History

Early History

The first telescope in the Catalina Mountains was built in 1962 for polarimetry and photometry at the site of the current 0.7-m Schmidt telescope adjacent to Mt Bigelow.  The telescope that would become the Catalina Sky Survey 1.5-m was built at the direction of University of Arizona planetary scientist Gerard Kuiper in 1967. At the time, it was slewed by hand.  IBM punch cards and star charts were used to locate targets, and data was recorded on paper tape.  The 1.0-m telescope was built in 1968 to test if a center-supported glass mirror would produce quality images.

Historical Mt Bigelow Station. Left: A wide array of instruments dotted Mt Bigelow in 1968. Right: Approach road to the 61-inch and 21-inch telescopes under contruction.

In 1970 the U. S. Air Force closed their radar station at the summit of Mt. Lemmon and Kuiper petitioned the U. S. Forest Service to take over the site for a new observatory. This would become the future home of the 1.5-m and 1.0-m Catalina Sky Survey telescopes which were moved there in 1971.

Mt Lemmon Station in 1971. What is now the CSS 1.5m telescope is located at bottom center.

 

Formulating a Survey

In 1998 Steve Larson and two astronomy undergraduate students Tim Spahr and Carl Hergenrother founded the Catalina Sky Survey. The team obtained exclusive use of the unused 0.7-m Schmidt telescope on Mt Bigelow, and began a photographic survey of high ecliptic latitudes as the “Bigelow Sky Survey”. The survey expanded in 1999 with the development of specialized hardware and software dedicated to the search for NEOs. Additional grants from NASA allowed the founding of the Siding Spring Survey in New South Wales, Australia to cover the southern hemisphere, making it the only full-time NEO survey in the southern hemisphere.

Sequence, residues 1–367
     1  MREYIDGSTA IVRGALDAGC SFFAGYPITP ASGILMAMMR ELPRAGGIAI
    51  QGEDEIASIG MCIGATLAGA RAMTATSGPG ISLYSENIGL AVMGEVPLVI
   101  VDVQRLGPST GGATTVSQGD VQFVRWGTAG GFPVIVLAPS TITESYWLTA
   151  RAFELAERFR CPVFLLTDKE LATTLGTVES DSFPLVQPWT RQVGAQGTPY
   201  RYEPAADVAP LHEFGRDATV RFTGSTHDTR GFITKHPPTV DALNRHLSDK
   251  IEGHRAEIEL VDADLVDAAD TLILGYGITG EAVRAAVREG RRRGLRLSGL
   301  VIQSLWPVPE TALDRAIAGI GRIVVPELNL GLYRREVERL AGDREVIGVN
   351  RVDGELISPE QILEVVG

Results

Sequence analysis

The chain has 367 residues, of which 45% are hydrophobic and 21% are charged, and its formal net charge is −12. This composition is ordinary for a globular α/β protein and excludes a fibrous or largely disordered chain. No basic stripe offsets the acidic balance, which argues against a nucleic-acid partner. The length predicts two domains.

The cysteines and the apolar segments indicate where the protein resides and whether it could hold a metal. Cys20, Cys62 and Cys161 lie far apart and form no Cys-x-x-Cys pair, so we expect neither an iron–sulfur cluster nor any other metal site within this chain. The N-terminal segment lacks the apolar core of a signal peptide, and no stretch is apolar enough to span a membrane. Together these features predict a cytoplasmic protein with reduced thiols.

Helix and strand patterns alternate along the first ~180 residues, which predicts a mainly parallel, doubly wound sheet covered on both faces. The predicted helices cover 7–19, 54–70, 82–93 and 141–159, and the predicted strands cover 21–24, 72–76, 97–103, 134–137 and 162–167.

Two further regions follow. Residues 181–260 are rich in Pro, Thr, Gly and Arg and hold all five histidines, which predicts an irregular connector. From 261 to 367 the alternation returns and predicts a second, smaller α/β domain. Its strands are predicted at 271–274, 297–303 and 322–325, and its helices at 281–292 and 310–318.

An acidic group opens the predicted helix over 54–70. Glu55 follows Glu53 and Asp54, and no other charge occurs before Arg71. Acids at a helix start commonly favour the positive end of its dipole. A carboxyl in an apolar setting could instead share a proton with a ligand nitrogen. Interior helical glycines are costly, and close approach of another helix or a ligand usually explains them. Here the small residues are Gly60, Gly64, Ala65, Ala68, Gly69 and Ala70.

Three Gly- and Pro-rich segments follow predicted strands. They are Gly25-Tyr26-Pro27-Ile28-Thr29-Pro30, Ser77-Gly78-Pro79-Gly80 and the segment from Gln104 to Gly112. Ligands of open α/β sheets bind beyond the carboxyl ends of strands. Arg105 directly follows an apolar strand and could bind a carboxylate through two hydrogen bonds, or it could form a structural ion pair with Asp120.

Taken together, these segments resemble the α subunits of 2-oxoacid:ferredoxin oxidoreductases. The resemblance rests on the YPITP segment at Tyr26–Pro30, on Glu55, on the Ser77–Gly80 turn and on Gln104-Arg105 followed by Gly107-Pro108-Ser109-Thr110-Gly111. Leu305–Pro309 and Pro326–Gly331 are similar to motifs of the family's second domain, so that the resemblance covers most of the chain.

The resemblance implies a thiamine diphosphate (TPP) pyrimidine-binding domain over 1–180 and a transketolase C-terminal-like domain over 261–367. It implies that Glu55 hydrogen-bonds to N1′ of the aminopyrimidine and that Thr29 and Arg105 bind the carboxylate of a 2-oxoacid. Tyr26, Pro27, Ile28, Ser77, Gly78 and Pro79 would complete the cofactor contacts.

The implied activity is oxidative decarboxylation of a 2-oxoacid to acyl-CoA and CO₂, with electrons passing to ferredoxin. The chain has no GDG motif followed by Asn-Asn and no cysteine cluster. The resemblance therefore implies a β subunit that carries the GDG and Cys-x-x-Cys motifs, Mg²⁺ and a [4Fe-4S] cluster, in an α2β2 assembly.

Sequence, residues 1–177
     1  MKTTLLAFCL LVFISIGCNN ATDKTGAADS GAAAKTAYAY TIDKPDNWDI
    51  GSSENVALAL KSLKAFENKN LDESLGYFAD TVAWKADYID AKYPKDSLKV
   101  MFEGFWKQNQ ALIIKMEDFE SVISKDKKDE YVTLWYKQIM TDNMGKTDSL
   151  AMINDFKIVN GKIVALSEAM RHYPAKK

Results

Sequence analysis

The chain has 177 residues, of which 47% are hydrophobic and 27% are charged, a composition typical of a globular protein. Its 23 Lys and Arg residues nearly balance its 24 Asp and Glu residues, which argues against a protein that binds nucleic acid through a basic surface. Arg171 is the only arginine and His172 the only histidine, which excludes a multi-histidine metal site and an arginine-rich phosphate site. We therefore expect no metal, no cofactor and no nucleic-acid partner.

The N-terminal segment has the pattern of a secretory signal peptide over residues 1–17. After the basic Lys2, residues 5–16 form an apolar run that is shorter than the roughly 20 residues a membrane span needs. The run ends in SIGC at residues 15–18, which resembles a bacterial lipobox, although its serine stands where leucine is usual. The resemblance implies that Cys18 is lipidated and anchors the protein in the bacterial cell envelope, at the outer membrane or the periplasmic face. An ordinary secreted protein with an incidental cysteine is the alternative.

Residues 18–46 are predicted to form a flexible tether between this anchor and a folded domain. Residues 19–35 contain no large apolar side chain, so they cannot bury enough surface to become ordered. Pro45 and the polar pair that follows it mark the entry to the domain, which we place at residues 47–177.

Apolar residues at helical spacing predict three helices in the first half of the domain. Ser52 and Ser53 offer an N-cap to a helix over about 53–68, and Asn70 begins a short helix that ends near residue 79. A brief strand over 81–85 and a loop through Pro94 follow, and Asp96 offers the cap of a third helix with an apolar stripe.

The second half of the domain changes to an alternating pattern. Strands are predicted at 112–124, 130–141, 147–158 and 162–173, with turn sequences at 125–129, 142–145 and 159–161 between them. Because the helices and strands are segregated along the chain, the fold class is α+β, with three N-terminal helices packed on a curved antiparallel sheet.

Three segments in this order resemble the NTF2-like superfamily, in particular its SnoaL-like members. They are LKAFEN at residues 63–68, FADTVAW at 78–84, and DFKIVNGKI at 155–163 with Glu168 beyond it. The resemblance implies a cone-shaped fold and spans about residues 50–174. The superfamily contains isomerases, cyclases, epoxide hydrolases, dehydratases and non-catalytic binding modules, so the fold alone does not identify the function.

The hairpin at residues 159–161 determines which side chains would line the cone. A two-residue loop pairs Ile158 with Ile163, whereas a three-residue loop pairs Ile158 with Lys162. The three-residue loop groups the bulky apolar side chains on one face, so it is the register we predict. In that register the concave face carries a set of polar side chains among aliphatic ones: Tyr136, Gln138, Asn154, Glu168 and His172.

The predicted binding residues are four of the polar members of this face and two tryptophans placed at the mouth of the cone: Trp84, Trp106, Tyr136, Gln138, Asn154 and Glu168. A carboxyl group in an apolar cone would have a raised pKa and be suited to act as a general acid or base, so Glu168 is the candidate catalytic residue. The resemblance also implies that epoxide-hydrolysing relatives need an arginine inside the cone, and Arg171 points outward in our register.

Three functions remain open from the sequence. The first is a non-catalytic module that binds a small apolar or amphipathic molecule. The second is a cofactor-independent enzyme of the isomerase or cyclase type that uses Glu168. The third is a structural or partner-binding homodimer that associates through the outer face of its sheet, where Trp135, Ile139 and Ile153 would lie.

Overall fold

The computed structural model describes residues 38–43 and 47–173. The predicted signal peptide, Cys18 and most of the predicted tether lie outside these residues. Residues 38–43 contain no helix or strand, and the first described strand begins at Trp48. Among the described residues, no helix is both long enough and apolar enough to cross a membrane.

Start of CSS, (formerly the Bigelow Sky Survey). At Left: the founders, Steve Larson, Carl Hergenrother, Tim Sparh, and John Brownlee. Note too the auto guider controls at the bottom of the 8” guide scope where the Periodic Error Correction was trained. Center: the 16"/27" Schmidt (w/16" corrector plate). Note the cone-shaped top supporting the 16” Schmidt corrector; and the relative lack of cables going to the camera because it was thermoelectrically cooled (yellow tube for chilled water). The CCD was a single channel, thick 4K x 4K. Right: Tim Spahr operating in the then refurbished warm room.

After numerous upgrades, the Catalina Sky Survey became the most productive NEO survey in 2004, and to date has found more NEO’s than any other survey in the world.

In 2014 the Mt. Lemmon 1.0-m reflector became operational.  Primarily used for confirmation and follow-up of newly discovered NEOs, the 1.0-m telescope removed the follow-up burden from CSS survey telescopes and in turn increased available survey time by 10-20%.

Today the Catalina Sky Survey operates two survey telescopes and one remotely-operated telescope dedicated to follow-up observations.